"But we have this treasure in earthen vessels to show that this all-surpassing power is from God..." - 2 Corinthians 4: 4-18
We are surrounded by a great cloud of witnesses, but except on All Saints Day, it hovers over us unnoticed. It's like our appendix: we don't need it, so unless it acts up, we don't know it's there, or much care. That's too bad, because unlike our appendix, we need the saints more than we think. Not, as in the Middle Ages, to save us from Hell for a coin or heal our complex ills by the simple application of a left-behind bone. We have politicians and star-power pastors for that.
No, we don't need them for magic. We need them for lively conversation about the immense dignity of ordinary life, the incalculable value of everyday intentions to follow Jesus, and the inexplicable power of human haplessness to attract the mercies of God. We need them to confirm for us the secret of holiness behind halos and hymns—drudgery and routine; fleshly weakness and the shame of sin; the need for pardon and the struggle to be ready for grace; the groaning labor to reorder selfish affections towards selfless Love; the foolish choice to hope against hope; and the costly return, day after weary day, to the unlovely neighbor's side, with no one catching any of this stubborn, unremarkable pilgrimage on tape.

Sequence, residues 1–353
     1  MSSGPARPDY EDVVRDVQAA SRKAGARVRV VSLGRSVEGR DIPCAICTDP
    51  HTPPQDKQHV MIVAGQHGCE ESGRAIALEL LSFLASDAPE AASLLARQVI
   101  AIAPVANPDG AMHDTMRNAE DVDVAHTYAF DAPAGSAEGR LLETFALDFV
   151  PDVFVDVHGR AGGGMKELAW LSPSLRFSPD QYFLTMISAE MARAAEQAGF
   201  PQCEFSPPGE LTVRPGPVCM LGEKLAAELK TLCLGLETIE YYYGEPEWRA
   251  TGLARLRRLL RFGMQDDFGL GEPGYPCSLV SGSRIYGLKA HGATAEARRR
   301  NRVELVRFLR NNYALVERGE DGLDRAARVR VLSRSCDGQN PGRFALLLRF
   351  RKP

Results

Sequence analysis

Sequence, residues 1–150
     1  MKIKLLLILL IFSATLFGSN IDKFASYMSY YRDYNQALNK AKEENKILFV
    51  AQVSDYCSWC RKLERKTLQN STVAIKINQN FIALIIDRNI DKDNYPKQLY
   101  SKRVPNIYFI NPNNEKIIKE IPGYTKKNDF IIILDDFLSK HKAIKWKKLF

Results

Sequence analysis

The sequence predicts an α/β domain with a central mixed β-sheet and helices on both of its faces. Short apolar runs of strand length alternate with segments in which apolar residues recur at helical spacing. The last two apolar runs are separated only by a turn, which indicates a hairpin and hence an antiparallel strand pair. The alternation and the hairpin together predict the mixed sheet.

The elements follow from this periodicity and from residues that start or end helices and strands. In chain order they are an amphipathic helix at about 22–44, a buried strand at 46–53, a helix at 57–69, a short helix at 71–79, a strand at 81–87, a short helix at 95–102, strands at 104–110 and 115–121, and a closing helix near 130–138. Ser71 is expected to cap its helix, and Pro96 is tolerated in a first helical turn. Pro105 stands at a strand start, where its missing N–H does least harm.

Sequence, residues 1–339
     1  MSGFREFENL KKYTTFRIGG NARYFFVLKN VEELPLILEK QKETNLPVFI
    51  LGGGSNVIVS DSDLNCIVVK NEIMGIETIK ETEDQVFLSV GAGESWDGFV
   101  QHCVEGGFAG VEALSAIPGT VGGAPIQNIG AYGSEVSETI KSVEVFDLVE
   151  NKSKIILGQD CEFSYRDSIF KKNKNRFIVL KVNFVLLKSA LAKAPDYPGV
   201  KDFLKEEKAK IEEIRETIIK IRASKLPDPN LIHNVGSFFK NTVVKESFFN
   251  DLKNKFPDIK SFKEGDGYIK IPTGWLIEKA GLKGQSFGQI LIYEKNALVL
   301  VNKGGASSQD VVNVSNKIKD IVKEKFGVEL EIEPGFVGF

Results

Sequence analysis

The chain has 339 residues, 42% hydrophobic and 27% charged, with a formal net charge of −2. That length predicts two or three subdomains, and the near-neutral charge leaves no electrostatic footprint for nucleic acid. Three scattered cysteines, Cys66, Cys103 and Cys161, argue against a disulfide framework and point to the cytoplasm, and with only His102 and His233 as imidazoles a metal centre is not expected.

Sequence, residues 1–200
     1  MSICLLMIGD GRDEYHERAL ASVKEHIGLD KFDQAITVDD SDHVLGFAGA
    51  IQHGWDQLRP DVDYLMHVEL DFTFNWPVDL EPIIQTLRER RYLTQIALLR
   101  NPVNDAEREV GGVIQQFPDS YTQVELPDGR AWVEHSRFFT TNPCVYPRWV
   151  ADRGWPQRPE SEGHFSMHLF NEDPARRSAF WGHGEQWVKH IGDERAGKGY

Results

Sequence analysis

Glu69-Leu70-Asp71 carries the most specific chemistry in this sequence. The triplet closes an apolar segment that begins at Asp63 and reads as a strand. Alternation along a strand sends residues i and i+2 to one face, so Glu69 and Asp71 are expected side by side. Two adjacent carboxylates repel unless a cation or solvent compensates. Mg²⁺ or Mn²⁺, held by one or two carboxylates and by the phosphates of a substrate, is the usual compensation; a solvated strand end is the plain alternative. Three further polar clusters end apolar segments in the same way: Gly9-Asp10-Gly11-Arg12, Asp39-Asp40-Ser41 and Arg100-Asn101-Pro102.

Faced with intractable fears and exhausting complexities, the world whips out the sensation, the quick fix, and the magic of celebrity. The church's ancient wisdom offers instead "mystic sweet communion with those whose race is won." We have the saints, and if we look carefully, we find that they are us—extraordinary signs that ordinary vulnerability, love and repentance, courage and perseverance still count. For a lot. For everything.
Happy All Saints Day, saints of God!
For all the saints who from their labors rest, who thee by faith before the world confessed, thy name O Jesus, be forever blessed. Alleluia!
Mary Luti is a long time seminary educator and pastor, author of Teresa of Avila’s Way and numerous articles, and founding member of The Daughters of Abraham, a national network of interfaith women’s book groups.